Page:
How To Cut the Clutter and Win Readers
Most of us hate housework.
Nevertheless, even the most hopeless slobs amongst us would agree that we love having a clean, organised house. It looks more inviting. It's easy to find what you want, when you want it. If only it didn't take so much time to get it that way!
If you're lucky enough to have a cleaner, then you've solved the problem. It's someone else's job to clean up and get rid of the dust and the mess. Most of us don't have that luxury. If we want a clean and clutter-free environment, we have to work to get it that way.
It's exactly the same when it comes to writing. If you want a fresh, clutter-free piece of text - you have to clean it up yourself. Readers don't like to be surrounded by clutter any more than you do.
What Is "Clutter"?
"Clutter" in writing may be described as anything that clogs up the channel between the writer's imagination and the reader's experience. If you have a hard time identifying what is clutter and what isn't, use these points to guide you.
Gasping for air, Marcy raced through the dark green forest, not daring to look behind her in her state of raw panic. Tripping on a protruding root she half-fell, but recovered quickly and maintained her reckless headlong course through the knotted vines and lashing branches that were taking evil swipes at her as she ran. She had to get away from her pursuers.
"Ouch!" she yelped as yet another branch attacked her, the 'thwack' of its savage assault echoing through the half-light. Almost falling again she managed to recover, grabbing on to a handy nearby swinging vine to save herself. Wishing she had never set out on this trip, she decided to stop to catch her breath. Taking the opportunity to look around, she suddenly saw a strange plant, its leaves an odd mottled purple that was at odds with all the greenery that surrounded it on every side. What a strange plant, she thought.
Going over to take a closer look, she was intrigued by the way the plant seemed to be in a space of its own. No other plants grew close in the dim light of the forest; this one was entirely by itself.What's Wrong With The Above Scene?
Plenty! I'm amazed you've persevered this far. (It made me nauseous just having to write it.) Okay, I've exaggerated the problems in the above excerpt somewhat to make my point - but I've seen worse. Much worse, actually.
Here are some of the problems in the scene I created:
(c) copyright Marg McAlister
Marg McAlister has published magazine articles, short stories, books for children, ezines, promotional material, sales letters and web content. She has written 5 distance education courses on writing, and her online help for writers is popular all over the world. Sign up for her regular writers' tipsheet at http://www.writing4success.com/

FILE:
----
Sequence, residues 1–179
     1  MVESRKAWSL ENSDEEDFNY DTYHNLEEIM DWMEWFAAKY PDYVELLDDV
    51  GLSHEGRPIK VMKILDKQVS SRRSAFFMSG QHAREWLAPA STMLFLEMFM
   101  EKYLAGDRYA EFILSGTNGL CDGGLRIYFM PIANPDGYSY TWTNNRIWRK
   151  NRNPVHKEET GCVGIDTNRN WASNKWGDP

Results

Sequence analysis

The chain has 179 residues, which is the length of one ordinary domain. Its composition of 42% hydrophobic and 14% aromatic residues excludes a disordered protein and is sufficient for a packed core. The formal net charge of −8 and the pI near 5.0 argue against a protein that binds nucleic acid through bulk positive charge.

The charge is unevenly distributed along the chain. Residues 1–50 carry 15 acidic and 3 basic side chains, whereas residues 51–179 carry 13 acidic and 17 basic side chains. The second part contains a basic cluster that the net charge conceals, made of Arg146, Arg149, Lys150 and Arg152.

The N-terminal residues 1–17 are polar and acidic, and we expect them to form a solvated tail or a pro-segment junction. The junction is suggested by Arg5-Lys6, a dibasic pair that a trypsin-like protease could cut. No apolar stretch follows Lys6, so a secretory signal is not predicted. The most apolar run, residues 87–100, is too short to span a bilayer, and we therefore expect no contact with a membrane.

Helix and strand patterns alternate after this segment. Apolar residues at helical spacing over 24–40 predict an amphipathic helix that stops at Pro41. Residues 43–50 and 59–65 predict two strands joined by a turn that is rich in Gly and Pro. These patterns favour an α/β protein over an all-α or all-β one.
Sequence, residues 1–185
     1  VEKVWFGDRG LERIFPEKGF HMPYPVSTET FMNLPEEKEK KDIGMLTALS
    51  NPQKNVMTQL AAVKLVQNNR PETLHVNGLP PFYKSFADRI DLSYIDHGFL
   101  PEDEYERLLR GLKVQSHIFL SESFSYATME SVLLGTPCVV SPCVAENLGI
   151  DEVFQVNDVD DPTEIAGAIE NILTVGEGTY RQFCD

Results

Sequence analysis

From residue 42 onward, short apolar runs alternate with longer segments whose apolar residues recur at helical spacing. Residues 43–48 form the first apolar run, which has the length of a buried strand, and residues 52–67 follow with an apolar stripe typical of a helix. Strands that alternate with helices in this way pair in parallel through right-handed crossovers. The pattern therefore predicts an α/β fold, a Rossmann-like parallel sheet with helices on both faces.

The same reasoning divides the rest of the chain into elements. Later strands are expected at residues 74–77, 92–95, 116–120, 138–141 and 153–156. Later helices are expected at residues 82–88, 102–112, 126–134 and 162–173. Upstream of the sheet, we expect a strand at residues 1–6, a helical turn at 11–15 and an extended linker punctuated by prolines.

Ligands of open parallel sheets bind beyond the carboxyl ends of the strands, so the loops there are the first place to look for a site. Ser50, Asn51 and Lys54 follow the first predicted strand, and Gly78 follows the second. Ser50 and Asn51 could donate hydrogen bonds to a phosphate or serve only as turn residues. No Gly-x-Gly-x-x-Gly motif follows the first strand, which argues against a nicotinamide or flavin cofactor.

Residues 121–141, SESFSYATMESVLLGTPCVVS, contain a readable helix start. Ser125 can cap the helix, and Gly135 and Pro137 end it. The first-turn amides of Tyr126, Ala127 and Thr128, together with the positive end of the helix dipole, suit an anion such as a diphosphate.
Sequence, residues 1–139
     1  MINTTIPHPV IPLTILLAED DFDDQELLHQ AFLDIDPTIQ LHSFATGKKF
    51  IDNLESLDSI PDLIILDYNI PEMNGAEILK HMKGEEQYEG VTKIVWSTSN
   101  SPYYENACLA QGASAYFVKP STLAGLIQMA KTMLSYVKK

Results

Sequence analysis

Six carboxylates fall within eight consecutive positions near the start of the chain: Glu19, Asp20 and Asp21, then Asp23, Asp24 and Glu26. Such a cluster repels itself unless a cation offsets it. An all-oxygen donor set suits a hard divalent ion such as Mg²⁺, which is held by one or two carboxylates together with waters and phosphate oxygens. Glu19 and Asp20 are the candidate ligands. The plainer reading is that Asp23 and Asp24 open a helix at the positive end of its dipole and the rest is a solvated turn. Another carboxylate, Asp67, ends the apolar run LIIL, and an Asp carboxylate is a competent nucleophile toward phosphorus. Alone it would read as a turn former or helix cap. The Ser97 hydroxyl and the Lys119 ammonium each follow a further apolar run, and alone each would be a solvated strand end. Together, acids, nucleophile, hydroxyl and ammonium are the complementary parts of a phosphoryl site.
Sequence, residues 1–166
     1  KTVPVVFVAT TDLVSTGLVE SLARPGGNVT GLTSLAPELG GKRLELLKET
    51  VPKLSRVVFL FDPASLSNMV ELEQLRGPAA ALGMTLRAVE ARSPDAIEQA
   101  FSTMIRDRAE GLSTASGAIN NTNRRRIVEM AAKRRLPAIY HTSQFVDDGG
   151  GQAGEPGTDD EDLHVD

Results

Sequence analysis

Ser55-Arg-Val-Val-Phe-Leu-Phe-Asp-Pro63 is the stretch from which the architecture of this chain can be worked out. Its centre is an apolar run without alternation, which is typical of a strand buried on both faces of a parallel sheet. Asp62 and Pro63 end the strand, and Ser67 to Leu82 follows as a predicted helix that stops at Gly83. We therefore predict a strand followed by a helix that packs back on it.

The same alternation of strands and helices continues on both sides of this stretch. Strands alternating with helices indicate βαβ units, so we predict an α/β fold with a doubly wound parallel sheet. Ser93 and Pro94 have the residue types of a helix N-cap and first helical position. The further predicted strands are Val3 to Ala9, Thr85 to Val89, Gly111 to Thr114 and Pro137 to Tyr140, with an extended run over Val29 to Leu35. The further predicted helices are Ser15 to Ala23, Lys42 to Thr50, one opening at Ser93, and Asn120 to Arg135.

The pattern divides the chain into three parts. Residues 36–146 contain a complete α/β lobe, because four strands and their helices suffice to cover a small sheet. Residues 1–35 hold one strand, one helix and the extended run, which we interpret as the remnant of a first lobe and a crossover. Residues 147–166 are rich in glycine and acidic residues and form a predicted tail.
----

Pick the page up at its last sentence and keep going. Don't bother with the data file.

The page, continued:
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COULD YOU (not) REPEAT THAT PLEASE?
I recently read a book where everything was akimbo. Arms were akimbo, legs were akimbo. Akimbo appeared on every page. Okay every page is a slight exaggeration, but akimbo was in every chapter more than once. I started thinking of the hero in the book as Adam West's posturing Batman persona. Every writer is guilty of the akimbo type of repetitiveness once in awhile. Most of the time we're not even aware that we're echoing ourselves. How do these unconscious akimbo dittos creep into our work? The English language is so rich with descriptors, why would we rob our manuscripts of the warmth and color that this richness brings to our work? Simply put -- we're lazy. When the afore mentioned writer was feverishly scribbling away on her book, she arrived at a moment when her character took a stance, and the first word that popped into her head was akimbo. Writing akimbo was easier than it would be to stop the flow of her writing and come up with a different way of saying akimbo. The only problem is instead of going back to edit out ninety percent of the akimbos, she left them in and it became a distraction to the reader (and humorous to me, which I'm sure wasn't her intention). Don't let yourself get lazy. Go through your work and get rid of repetitive words. Especially if they're words like akimbo that are not used in everyday conversation. If you need help, go to the Georgetown Linguistics website and use their frequency index tool (see the web address below). Copy your text into the box provided and click on the "Do it!" button. This website will give you a list of every word and how many times it was used in your manuscript. I would suggest (and this is just my opinion) that if you discover that you've used akimbo more than twenty-nine times, get rid of all but one of them. By the way akimbo appears 13 times in this passage. Annoying wasn't it!
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